A lot of UK homeowners are turning to cavity wall insulation (CWI) to keep their homes warmer all year round. By now, you’ve probably heard of CWI, but with so much talk you might be confused about what the service actually is, and what it can do for your home. Here’s our guide to what CWI is, how it can benefit your home, and what potential downsides you need to keep an eye on.
What is CWI?
Most typical homes in the UK can have two types of wall: solid walls and cavity walls. If your property was built after the 1920s, it’s likely that it will have cavity walls. This means that the house actually has two walls at its perimeter – one outer layer made of brick, and an inner layer that will either be made of brick or, in some instances, concrete.
If your home was built after the turn of the millennium the case may be that it was built with insulation in the cavity walls. However, if it was built before this the inner and outer walls can easily be filled with insulation, helping to keep the heat in and your house warmer.
Cavity wall insulation can be made of a variety of different materials, but is most commonly cellulose or glass wool. It is installed by drilling holes into the outer walls of your home and blowing the insulation through.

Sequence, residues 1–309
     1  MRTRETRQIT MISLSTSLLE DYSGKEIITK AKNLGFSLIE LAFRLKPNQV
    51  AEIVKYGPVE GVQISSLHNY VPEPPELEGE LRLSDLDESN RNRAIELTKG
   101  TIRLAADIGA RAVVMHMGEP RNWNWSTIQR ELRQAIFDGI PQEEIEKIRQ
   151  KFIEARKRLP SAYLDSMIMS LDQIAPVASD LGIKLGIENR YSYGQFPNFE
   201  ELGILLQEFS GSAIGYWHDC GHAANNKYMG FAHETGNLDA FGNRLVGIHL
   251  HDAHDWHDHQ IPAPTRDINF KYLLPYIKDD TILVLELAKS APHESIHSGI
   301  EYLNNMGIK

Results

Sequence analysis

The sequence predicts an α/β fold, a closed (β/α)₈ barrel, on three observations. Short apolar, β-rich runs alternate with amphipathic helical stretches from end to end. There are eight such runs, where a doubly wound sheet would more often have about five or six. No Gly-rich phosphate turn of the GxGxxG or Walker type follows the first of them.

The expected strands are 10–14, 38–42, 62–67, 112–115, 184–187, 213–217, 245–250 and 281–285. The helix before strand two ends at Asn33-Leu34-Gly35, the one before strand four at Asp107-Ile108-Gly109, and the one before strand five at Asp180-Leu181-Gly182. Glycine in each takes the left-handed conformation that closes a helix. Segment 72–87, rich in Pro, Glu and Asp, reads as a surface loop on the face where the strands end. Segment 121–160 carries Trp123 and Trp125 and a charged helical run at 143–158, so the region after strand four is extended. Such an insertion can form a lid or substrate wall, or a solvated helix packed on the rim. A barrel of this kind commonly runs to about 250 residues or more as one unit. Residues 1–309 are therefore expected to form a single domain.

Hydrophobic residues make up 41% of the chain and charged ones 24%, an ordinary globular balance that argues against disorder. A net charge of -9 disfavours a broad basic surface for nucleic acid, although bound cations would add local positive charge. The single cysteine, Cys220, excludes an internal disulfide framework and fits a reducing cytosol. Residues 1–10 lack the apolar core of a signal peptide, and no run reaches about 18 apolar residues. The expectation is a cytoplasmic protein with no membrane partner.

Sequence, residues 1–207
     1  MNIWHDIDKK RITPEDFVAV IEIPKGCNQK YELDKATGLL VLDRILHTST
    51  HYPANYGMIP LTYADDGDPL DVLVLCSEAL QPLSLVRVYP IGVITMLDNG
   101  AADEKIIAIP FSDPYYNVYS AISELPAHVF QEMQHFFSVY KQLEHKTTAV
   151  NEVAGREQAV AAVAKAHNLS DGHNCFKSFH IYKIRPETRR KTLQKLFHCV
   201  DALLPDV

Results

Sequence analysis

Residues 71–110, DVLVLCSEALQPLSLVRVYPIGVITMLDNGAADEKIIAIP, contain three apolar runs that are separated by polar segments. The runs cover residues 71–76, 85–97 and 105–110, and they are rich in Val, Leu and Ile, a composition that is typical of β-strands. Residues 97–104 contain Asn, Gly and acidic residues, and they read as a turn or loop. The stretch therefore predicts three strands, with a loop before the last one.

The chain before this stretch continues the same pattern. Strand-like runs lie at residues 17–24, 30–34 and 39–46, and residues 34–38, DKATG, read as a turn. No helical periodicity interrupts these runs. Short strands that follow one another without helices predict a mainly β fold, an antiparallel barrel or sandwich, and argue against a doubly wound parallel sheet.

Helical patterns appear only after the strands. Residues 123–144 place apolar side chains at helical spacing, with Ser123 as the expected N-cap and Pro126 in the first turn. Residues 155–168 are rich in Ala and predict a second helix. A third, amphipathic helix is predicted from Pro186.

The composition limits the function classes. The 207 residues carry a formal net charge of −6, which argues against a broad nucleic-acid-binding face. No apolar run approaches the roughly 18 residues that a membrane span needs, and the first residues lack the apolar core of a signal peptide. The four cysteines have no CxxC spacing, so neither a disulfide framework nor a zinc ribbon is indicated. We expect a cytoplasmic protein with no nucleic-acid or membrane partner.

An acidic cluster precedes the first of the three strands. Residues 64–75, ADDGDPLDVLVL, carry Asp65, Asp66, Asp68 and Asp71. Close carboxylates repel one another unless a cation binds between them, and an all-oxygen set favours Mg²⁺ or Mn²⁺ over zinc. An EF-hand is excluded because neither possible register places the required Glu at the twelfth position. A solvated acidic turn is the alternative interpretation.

CWI done well
When installed correctly, cavity wall insulation can have some great benefits for your home – and your wallet. It is one of the best ways to make savings on your heating bills. On average, homeowners can save around £275 from having insulation, as it negates the need to have your central heating on as high in the cold winter months. The Government’s Affordable Warmth initiative offers grants for household’s that receive benefits, you can find out if you qualify here.
Things to watch out for
If not installed correctly, CWI can cause some problems for your home. CWI has been known to cause damp, condensation, and mould in homes. When considering cavity wall insulation, you should always make sure you go with a trusted, registered installer and never try to take the task on yourself. A professional registered installer should be able to fully assess the walls of your property, and advise you what sort of insulation is best.
If you fear that your CWI may be installed incorrectly, or is causing problems in your home, you can have it extracted. You can find out more about CWI extraction by browsing our website.